After watching Roger Brauchli, the Troop’s longest-serving Scout Master, he wanted to make sure he could make a big impact on the Troop like Roger did.

Mr. Donat became involved in Boy Scouts because his son Cole, who is an Eagle Scout, was involved in Troop 5. 

Cole eventually became a Senior Patrol Leader. 

Cole’s brother, Henry, is the current Senior Patrol Leader.

Mr. Donat has been to Philmont Scout Ranch and the U.S. Virgin Islands (‘High Adventure’ trips) once.

In 2016 he became an Assistant Scout Master.

He was a Cub Master before that, with Maplewood’s Pack 19.

Mr. Donat’s favorite part has been attending summer camp, doing all the activities and spending time with all the people.

His favorite high adventure trip has been Philmont, though he did like USVI as well.

His favorite camping trip is the Long Beach Island trip, although he does love the Mohawk Mountain ski trip as well.

I just know that he will look forward to the memories he will make as a Scout Master.

Scout Master ‘Roger’ Retires

An interview with Roger Brauchli, former Troop 5 Scout Master

By K.G. Bohlman, Troop 5 Historian

Roger Brauchli became Troop 5’s Scout Master in September 1969.

He officially stepped down Jan. 1, 2022.

Roger Brauchli became a Boy Scout in 1960.

He wanted to join because his friends wanted to join. 

He also wanted to go camping and he had a lot of encouragement from his parents.

He earned the rank of Eagle Scout at age 16.

He became Troop 5’s Scout Master because he was asked by the people in the committee and he said “why not?”

He wanted to make a big impact on the Troop. 

Roger Brauchli’s favorite part of being Troop 5’s Scout Master since 1969 has been meeting new people.

He has liked guiding scouts and making long lasting friends.

He continued as Scout Master as long as he did because of how much fun he had, and he wanted to continue making a big impact.

His favorite ‘High Adventure’ trip was either St. John, the U.S. Virgin Islands trip (he went eight times) or Philmont Scout Ranch (he went two times).

He liked the Long Beach Island trip, the cooking competition, the canoe trips and the bike hike.

In his more than 51 years as Troop 5 Scout Master, Roger Brauchli, known to all his Scouts as, simply, “Roger,” has made a huge impact on Troop 5.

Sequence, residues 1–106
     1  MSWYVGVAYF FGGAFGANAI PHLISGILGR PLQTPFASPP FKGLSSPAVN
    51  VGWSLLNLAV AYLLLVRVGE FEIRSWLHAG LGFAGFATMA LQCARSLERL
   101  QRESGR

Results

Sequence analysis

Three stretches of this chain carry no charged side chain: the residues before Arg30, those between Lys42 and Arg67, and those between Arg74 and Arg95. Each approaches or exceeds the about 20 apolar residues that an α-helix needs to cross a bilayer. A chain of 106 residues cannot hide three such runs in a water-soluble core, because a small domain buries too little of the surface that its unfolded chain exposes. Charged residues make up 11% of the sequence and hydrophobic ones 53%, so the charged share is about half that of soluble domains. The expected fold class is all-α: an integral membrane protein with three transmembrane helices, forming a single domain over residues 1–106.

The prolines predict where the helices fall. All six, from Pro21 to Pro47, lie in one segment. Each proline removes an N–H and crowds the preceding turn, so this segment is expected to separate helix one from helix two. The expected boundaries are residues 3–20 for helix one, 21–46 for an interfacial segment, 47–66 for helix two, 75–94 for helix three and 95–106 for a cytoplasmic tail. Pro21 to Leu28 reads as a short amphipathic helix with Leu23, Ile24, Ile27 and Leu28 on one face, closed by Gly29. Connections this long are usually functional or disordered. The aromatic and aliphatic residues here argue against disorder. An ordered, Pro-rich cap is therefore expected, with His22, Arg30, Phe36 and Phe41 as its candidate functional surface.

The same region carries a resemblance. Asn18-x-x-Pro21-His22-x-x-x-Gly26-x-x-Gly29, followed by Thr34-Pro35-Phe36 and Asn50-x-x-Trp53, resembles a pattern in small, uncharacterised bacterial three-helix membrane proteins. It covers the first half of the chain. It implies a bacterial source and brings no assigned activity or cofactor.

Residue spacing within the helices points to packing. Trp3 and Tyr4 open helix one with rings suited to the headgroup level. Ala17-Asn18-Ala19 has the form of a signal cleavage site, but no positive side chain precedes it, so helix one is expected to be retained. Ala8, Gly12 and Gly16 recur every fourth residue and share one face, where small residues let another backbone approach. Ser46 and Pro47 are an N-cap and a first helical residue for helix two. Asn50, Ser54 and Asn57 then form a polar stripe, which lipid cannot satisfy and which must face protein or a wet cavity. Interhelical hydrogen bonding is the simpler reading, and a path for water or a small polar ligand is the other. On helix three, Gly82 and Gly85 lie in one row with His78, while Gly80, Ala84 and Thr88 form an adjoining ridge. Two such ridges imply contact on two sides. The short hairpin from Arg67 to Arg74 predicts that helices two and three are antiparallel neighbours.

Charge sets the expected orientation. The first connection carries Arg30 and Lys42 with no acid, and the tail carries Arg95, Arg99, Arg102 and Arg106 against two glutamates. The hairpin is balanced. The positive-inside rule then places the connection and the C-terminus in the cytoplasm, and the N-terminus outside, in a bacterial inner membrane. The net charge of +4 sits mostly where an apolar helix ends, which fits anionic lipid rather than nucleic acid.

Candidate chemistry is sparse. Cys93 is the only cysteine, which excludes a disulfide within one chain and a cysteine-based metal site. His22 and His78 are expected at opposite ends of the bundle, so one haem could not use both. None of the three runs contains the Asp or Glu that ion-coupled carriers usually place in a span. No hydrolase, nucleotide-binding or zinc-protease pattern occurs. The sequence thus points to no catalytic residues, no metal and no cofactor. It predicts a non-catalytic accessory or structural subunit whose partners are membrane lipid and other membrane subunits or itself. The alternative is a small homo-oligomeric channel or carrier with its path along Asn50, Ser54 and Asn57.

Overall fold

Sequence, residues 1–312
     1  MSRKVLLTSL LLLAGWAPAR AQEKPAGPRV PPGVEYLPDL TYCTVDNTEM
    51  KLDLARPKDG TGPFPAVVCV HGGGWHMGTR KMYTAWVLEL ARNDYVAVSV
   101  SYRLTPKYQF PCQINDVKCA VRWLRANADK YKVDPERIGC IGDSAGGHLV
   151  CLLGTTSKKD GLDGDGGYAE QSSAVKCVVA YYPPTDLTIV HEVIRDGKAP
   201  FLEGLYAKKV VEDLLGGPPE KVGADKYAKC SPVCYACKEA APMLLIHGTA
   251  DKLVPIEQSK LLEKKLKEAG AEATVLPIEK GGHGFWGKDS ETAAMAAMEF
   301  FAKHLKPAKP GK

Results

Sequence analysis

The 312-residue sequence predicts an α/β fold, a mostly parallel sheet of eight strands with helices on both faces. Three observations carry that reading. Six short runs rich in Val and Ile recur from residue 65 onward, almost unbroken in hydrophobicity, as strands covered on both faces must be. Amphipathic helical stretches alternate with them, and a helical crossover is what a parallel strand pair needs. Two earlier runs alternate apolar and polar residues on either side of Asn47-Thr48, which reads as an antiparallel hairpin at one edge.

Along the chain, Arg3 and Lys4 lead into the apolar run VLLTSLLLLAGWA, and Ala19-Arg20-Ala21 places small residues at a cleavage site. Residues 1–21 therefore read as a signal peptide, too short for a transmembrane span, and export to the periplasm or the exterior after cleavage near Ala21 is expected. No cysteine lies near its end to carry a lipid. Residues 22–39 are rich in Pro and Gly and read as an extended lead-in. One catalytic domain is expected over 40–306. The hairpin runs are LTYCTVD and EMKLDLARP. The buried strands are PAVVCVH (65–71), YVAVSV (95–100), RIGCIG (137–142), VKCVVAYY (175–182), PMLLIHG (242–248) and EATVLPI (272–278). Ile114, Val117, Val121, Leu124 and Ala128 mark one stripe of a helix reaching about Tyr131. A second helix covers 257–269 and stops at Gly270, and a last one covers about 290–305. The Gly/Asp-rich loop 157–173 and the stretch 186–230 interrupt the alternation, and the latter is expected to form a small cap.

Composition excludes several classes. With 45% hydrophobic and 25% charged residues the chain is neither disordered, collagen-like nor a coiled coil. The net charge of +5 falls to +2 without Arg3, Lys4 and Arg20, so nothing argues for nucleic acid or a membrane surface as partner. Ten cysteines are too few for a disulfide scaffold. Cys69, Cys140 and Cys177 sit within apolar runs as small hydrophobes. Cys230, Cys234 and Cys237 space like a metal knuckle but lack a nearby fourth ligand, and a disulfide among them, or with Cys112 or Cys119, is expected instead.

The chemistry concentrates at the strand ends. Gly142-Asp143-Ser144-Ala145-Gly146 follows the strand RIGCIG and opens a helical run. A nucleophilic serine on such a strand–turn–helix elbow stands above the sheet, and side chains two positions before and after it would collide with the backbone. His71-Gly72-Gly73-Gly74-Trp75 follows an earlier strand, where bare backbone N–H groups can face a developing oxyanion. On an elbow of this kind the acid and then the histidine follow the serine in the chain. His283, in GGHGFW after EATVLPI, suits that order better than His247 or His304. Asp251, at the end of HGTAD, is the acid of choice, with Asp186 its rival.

Stay Tuned at this Site!

PHILMONT 2022 IS APPROACHING

This is where stories of the preparations for Philmont 2022 and Summer Camp 2022 will appear, which is why you should keep your eyes on it.

‘The Red Beret,’ an occasional Troop 5 newsletter publication, is moving online, hopefully this month.

Originally, the officer position of “Newsletter Editor” was charged with soliciting articles from Troop members, but as with so many news and information organizations, and in an effort to be more environmentally conscious, Troop 5 is on the cusp of moving articles and photos – usually gathered by the Troop Historian – online.

This has happened after two years of mostly virtual Troop 5 meetings, and because of the needs for future Eagle Scouts to meet Communications Badge requirements to enter this brave new world of the 21st century.

Among the other skills Scouts in Troop 5 learn will be how to write ‘blog posts,’ as opposed to printed newsletter articles. They will learn to not only compose a brief – four to five paragraphs – but also how to accompany such briefs with graphic elements such as photos, and even embedded links, as ‘contributors.’ As currently envisioned, positions involved in this activity will be the Webmaster, Historian and Scribe.

Eagle Scout Court of Honor: Fall 2018

By Evan Ragone, Troop 5 Life Scout

 

On Saturday September 15th at Seth Boyden School many Scouts, leaders, familys, and friends joined together to celebrate Jared Neyman and Max Spiegel for attaining the rank of Eagle at the Troop 5 Court of Honor. This event is important to many because it is a moment to celebrate the Scouts who have worked hard to attain the prestigious rank of Eagle. It is a time to recognize and celebrate the achievements completed by the new Eagle Scouts and those who helped them. It is special because only 4 percent of Boy Scouts attain this rank. Over forty Troop 5 Scouts have earned the Eagle rank since 2010. These ceremonies also inspire younger scouts to want to work towards this rank.  Congratulations to Jared and Max on this achievement.